By Camilo Smith
By Craig Malisow
By Jeff Balke
By Angelica Leicht
By Jeff Balke
By Sean Pendergast
By Sean Pendergast
By Jeff Balke
There are, however, no growth hormones, no injections of fetal lamb cells, no New Age crystals in his pocket, nothing in what he does that's really much outside the bounds of what your grandmother or your doctor might advise. True, the vitamin C dosage is 133 times the recommended daily amount and the L-lysine is of dubious advantage, but at worst they're harmless.
Is this, then, what's going to buy Quarles another 100 years? Not hardly, and he knows it. No, Quarles plans to get his ticket to the next millennium punched in the laboratory. His reliance on science is no surprise, considering that the only fashion statement among his ruffled sports coats and pants is his Cal Tech belt buckle. The bachelor's and master's degrees he gained from that school, and the instruction he received from Pauling and renowned biologist Thomas Hunt Morgan, instilled in him a reverence for science that, if anything, has increased with age.
Plus, science in the form of geology has made him a considerable amount of money. In 1989, when he set aside $100,000 for the "Quarles Prize," that amount represented about a third of his wealth. Now his worth is closer to that of a millionaire, thanks to the profits he's received from oil wells drilled in areas chosen by his interpretations of seismological readings. As a self-employed consulting oil geophysicist, Quarles makes his own schedule at his downtown office, with much of his time devoted to COADS. It frankly baffles him why other people aren't as enthused as he is about surviving beyond the normal life expectancy. Most people aren't thinking enough about science extending their lives another 50 or 100 years, Quarles says. Instead, they're content just to lie down and die. "It's like the whole world has its mind set on getting old and dying," he says.
Since he doesn't believe in an afterlife, Quarles doesn't see what the rush is about. Once he checks out, Quarles expects nothing. No green pastures as a reward, no inferno as punishment. In his view, death is likely to last a very, very long time. The abyss awaits, and Quarles is in no hurry to jump in. But he isn't afraid to die, he insists. Fear is not what motivates his longevity campaign.
In a slow, measured manner that suggests he has thought about this a lot in the last five years, Quarles sums up his view of death in two declarative sentences. "Death doesn't frighten me. It just encourages me to live a long time."
Immortality in a Petri Dish
Rummaging through the files in his downtown office for a copy of one of his recent monthly columns, Quarles is ever alert and attentive, particularly when the topic is aging and death. The years have taken something out of him, but it appears to be only about an inch and a few pounds. He's "shrunk" to 5-10 and he weighs a bit less than he did 20 or 30 years ago. The hair is grayer in person than in the photo that runs with his column, but that and wrinkled skin are the only visible symptoms of his 80 years. As he moves around his desk or heads quickly to the photocopier, it's obvious that his tennis and karate have kept him nimble.
Quarles desk is bordered by two long tables, one that displays part of his extensive rock and mineral collection and another that's filled with stacks of magazines ranging from Science to Cell to Playboy. A glass case holds other rock and mineral samples, which he collected during his petroleum-related travels around the globe. Even as he dwells on his death, Quarles' office is evidence that he's had a full and varied life .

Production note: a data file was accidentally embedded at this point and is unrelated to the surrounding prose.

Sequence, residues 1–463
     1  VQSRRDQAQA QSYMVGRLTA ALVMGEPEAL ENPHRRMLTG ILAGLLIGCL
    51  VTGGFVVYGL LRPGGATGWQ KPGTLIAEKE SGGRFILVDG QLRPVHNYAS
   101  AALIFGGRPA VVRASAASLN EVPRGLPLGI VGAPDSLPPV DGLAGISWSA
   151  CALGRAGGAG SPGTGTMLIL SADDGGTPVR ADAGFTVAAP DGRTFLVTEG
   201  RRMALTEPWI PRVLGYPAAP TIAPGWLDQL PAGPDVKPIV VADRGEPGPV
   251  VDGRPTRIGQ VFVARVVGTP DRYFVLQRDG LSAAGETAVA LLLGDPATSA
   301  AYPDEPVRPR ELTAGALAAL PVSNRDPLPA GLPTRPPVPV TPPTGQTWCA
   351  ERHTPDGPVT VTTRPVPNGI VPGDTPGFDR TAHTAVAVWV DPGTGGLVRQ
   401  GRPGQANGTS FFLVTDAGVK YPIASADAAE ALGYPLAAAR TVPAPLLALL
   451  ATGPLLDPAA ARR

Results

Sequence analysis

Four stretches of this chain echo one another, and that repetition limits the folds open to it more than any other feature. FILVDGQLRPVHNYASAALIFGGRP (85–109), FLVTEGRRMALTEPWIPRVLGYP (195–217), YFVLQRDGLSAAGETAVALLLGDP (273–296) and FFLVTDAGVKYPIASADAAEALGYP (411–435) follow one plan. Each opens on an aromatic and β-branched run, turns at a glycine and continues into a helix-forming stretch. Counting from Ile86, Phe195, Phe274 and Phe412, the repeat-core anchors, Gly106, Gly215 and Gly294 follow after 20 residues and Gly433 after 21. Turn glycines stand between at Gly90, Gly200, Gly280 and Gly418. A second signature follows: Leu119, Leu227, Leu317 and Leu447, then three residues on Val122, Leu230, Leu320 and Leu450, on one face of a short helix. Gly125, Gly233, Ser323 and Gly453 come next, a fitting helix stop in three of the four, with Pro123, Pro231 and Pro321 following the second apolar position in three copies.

Indeed, staying alive didn't begin to obsess Quarles until the late '80s, when he passed the biblical three score and ten. Only then did he become consumed with surviving an abnormally long period of time. He had maintained healthy habits, but it wasn't until an eye-opening conversation with his daughter Patricia Behrens, an Austin researcher with a doctorate in biochemistry, that it dawned on him that laboratory discoveries might be able to extend life to science-fictional lengths.
This extension wouldn't be triggered by any mythic fountain of youth, but rather by lab work brought to bear on a fundamental issue: survival. To Quarles, old age isn't an inevitable something that you prepare for or get used to. Rather, it's a biological, chemical, physiological process that should be reversible. At its most basic, Quarles thinks, aging is just another way of saying your cells have stopped multiplying. After several dozen divisions, each occurring over a two-year period, cells usually stop dividing and the body ages. Quarles is convinced that earth-bound immortality, or a version thereof, is simply a matter of when -- not if -- science divines a way to alter or enhance cells so that they avoid deterioration. The trick would be to find a way to keep cells dividing, thereby continuing the rejuvenation process that postpones aging and death.
About the time Quarles was thinking these thoughts, he ran across Michael West, a graduate of Baylor College of Medicine. West too, thought the mystery of aging could be solved at the cellular level, but it would take 30 to 50 years to make the breakthrough. That might be good news for a 35-year-old, but it only frustrated the then 75-year-old Quarles, who on that timetable would be long since deceased when success was announced. Money was one impediment to an earlier discovery; nobody wanted to fund research intended to alter the aging process, considering it too risky, too weird and too unlikely to succeed. If a scientist were to actually admit to such a goal, West told Quarles, they could kiss any government funding goodbye. After all, why would the government want people to live longer? If you think Social Security, Medicare and pension funds have problems now, just think of what would happen with millions of recipients well past 100 years of age. Scary.